August Offer

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Background A change of government took place in Britain in May 1940 and Winston Churchill became the prime minister (1940–45). The fall of France temporarily softened the attitude of Congress in India. Britain was in immediate danger of Nazi occupation. As the war was taking a menacing turn from the allied point of view congress offered to cooperate in the war if transfer of authority in India is done to an interim government. The government's response was a statement of the viceroy known as the August offer

On 8 August 1940, early in the Battle of Britain, the Viceroy of India, Lord Linlithgow, made the so-called August Offer, a fresh proposal promising the expansion of the Executive Council to include more Indians, the establishment of an advisory war council, giving full weight to minority opinion, and the recognition of Indians' right to frame their own constitution (after the end of the war). In return, it was hoped that all parties and communities in India would cooperate in Britain's war effort.

The declaration marked an important advance over the existing state of things, as it recognised at least the natural and inherent right of the people of the country to determine the form of their future constitution, and explicitly promised dominion status. However, The Congress Working Committee meeting at Wardha on 21August 1940 rejected this offer, and asserted its demand for complete freedom from the imperial power. Gandhi viewed it as having widened the gulf between Nationalist India and the British ruler. It was also rejected by Muslim League. The Muslim League asserted that it would not be satisfied by anything short of partition of India.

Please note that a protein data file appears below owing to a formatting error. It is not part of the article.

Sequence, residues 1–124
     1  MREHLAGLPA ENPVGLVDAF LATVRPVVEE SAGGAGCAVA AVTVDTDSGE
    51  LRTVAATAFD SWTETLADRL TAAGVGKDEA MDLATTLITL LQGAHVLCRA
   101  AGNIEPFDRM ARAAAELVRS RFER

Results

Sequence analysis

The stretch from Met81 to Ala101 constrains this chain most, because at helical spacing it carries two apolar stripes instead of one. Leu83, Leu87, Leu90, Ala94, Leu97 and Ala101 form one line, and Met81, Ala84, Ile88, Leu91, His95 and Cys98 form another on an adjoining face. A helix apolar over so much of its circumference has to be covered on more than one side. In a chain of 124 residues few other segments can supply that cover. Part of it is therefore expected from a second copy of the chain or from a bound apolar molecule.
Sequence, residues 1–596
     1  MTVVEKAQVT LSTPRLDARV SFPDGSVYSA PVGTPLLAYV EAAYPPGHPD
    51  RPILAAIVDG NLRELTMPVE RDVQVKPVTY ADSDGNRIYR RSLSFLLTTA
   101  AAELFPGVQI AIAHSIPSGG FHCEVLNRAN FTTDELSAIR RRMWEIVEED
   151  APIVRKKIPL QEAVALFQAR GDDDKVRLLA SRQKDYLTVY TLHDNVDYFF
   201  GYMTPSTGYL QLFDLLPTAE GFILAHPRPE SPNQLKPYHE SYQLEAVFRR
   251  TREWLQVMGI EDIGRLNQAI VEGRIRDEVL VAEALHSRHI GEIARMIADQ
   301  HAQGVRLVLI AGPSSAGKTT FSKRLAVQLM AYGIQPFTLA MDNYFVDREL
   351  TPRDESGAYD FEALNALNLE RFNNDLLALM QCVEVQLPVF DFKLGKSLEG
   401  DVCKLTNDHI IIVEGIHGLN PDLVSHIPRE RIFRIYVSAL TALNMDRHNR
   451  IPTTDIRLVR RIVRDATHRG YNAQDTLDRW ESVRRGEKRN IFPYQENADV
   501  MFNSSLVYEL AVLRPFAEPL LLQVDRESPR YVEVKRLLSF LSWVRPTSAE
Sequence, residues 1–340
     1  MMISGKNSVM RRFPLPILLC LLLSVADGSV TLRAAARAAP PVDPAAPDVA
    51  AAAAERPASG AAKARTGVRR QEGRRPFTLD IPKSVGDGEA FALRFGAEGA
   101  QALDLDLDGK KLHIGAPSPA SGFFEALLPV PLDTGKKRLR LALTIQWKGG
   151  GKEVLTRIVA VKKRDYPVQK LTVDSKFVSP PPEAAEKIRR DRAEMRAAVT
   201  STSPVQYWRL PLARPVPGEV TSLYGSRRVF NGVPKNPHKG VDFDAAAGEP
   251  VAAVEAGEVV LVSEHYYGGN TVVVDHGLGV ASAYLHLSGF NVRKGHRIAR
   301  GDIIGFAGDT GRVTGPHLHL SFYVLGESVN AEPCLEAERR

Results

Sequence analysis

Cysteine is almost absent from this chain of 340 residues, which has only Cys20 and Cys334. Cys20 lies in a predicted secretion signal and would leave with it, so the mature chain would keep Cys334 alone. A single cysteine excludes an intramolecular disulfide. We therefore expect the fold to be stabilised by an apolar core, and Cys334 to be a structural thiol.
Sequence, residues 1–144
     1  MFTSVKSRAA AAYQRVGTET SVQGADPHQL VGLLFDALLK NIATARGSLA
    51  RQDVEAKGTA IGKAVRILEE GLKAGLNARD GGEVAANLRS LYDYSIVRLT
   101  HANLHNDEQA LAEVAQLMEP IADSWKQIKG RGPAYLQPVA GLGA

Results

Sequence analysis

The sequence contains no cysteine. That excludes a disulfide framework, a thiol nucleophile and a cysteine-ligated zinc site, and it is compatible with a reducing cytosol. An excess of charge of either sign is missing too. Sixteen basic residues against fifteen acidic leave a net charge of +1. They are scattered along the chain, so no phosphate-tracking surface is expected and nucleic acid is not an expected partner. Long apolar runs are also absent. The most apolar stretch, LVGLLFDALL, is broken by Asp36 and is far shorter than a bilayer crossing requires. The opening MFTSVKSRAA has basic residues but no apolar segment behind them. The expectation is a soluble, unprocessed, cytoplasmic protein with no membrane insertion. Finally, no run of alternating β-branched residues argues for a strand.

The following proposals were put in:

  1. After the war a representative Indian body would be set up to frame a constitution for India.
  2. Viceroy's Executive Council would be expanded without delay.
  3. The minorities were assured that the government would not transfer power "to any system of government whose authority is directly denied by large and powerful elements in Indian national life."

Individual Satyagraha 1940-41 The Congress was in a confused state again after the August Offer. The radicals and leftists wanted to launch a mass Civil Disobedience Movement, but here Gandhi insisted on Individual Satyagraha. The Individual Satyagraha was not to seek independence but to affirm the right of speech. The other reason of this Satyagraha was that a mass movement may turn violent and he would not like to see the Great Britain embarrassed by such a situation. This view was conveyed to Lord Linlithgow by Gandhi when he met him on 27 September 1940. The non-violence was set as the centerpiece of Individual Satyagraha. This was done by carefully selecting the Satyagrahis. The first Satyagrahi selected was Acharya Vinoba Bhave, who was sent to Jail when he spoke against the war. Second Satyagrahi was Jawahar Lal Nehru. Third was Brahma Datt, one of the inmates of the Gandhi's Ashram. They all were sent to jails for violating the Defense of India Act. This was followed by a lot of other people. But since it was not a mass movement, it attracted little enthusiasm and in December 1940, Gandhi suspended the movement. The campaign started again in January 1941, this time, thousands of people joined and around 20 thousand people were arrested.

Significant modifications were made in the August Offer in 1942 in the form of Cripps Proposals.